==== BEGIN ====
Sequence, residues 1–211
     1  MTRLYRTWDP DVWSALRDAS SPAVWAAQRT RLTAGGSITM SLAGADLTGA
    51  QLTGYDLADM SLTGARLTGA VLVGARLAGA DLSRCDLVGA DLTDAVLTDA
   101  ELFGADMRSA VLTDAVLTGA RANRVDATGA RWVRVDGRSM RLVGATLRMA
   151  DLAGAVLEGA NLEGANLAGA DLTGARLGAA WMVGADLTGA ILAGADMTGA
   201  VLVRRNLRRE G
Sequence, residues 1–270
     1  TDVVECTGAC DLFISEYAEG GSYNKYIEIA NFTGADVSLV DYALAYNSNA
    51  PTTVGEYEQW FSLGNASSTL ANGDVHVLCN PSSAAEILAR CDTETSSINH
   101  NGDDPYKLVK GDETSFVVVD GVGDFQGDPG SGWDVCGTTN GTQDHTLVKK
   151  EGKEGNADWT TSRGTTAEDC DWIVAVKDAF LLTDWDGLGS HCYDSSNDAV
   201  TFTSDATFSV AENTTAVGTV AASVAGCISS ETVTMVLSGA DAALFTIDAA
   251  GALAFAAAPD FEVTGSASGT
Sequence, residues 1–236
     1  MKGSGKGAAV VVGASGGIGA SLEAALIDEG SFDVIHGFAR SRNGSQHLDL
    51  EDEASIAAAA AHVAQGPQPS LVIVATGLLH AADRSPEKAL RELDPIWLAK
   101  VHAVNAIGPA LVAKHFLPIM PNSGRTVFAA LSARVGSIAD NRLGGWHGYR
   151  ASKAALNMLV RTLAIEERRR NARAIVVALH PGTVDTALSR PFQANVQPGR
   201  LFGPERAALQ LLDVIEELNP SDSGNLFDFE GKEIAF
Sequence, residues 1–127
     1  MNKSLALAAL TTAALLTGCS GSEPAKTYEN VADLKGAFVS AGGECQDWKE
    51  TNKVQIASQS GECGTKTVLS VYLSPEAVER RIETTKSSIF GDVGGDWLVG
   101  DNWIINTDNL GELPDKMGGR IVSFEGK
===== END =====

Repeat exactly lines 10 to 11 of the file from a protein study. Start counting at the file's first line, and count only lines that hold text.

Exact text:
   101  NGDDPYKLVK GDETSFVVVD GVGDFQGDPG SGWDVCGTTN GTQDHTLVKK
   151  EGKEGNADWT TSRGTTAEDC DWIVAVKDAF LLTDWDGLGS HCYDSSNDAV